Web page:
Now I am no stranger to dystopian art. Check out my favorite artist of this genre Simon Stålenhag. But this thing reminded me of an apocalyptic novel written decades ago, Whitley Streiber and James Kunetka’s ‘Warday.’ 
If you look closely at the cover, you will see why:
There, at the bottom, are telephone poles and a street light with a more appropriate red sky.
In any case, the whole thing is disturbing but what the hell, everyone who stays here has to look at the damn thing so why not me.
But do they every really look at it?
And if so, what do they feel?
Posted in art, existential dread, factory of sadness, society | Tagged , , | Leave a comment

What I’m Giving Up


How do you like me now? Can I have this job? Can I be your friend? Would you invite me to your party? Will you respect my opinions?

I had just written 400 words into an MS Word document for a post today explaining my previous post and it disappeared.

I’m used to being disappointed at this stage of my life so I didn’t put my fist through the computer screen.

I’ve decided to write on the program now instead of Word documents and then cutting and pasting.

And since I don’t want to try to recreate 400+ words, I’ll try for a synopsis here.

When I say I quit I mean this.

To quit trying to adopt a persona that will, in my mind, keep me safe, successful and reasonably popular.

With Borderline, you’re never sure of who you are since any development of self as a child was beaten out of you. I had to act like a trained seal so as not to incur the wrath of my father, the indifference of my mother, the ridicule of my sister and the scorn and humiliation from the nuns.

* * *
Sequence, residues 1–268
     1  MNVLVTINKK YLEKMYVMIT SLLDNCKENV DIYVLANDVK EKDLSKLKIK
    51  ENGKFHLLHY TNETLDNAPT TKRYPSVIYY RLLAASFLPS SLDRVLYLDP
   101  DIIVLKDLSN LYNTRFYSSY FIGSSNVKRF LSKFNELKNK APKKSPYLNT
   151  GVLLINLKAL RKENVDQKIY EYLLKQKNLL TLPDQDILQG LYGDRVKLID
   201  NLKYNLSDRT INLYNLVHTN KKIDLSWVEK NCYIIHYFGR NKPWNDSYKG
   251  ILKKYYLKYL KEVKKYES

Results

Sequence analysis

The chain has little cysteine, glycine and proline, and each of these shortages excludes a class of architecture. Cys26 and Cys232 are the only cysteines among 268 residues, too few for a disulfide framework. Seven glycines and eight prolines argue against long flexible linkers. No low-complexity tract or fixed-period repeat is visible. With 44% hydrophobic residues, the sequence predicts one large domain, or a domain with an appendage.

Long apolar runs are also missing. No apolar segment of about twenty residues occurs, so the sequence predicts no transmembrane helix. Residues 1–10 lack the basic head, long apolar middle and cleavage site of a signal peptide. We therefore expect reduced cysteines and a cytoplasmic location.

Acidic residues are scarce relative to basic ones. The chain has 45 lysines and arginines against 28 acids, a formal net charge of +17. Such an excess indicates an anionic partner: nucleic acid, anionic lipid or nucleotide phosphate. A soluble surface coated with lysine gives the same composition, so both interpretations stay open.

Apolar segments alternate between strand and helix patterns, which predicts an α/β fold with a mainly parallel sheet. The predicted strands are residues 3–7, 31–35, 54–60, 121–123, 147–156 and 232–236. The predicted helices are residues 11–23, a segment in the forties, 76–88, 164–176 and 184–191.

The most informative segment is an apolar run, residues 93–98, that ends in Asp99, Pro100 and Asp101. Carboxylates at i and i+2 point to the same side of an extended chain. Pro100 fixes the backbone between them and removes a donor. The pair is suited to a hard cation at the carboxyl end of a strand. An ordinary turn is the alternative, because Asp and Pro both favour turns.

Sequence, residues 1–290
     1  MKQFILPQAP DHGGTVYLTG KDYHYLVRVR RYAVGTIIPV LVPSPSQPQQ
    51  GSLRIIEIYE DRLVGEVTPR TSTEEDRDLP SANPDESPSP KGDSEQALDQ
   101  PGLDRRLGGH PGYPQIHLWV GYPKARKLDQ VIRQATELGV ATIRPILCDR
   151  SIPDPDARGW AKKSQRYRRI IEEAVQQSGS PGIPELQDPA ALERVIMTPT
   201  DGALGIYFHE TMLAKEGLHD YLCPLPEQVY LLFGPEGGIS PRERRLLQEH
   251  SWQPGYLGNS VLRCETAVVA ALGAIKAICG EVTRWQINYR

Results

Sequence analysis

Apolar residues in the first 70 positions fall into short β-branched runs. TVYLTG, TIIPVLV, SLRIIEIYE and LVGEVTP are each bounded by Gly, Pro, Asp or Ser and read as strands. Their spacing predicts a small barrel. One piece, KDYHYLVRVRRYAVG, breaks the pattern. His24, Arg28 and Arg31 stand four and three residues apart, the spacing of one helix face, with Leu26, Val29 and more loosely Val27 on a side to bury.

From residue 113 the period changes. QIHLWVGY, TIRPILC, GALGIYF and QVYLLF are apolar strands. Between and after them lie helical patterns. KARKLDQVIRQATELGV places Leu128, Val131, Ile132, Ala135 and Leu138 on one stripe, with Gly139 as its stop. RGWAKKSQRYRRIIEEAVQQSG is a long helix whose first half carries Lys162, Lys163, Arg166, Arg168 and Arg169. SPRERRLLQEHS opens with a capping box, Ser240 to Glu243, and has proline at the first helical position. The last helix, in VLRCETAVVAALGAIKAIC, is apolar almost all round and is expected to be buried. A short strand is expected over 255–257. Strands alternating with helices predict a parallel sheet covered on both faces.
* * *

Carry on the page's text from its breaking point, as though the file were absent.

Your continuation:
I can’t do this anymore. I had one last chance, in my mind, to come to a place no one knew me or my history and become the person that fits in with normal American society, as rotten as it is.

But I failed and my track record is 100 percent consistent. I can’t do it. I can’t pretend but can I be myself? That way lies disaster. But what is ‘being myself?’ I don’t know.

So I thought the worst part of this condition is trying to be a people pleaser. I people please to a nauseating degree. It never works.

But I’m afraid that if I stop being a people pleaser, I will lose everything. It’s scary when I’ve been this way all my life to contemplate actually going back to speaking up for myself. I used to. I was crushed as a child. But that child had some guts. But if you smash a child’s will early enough and often enough, you get me – an inveterate people pleaser.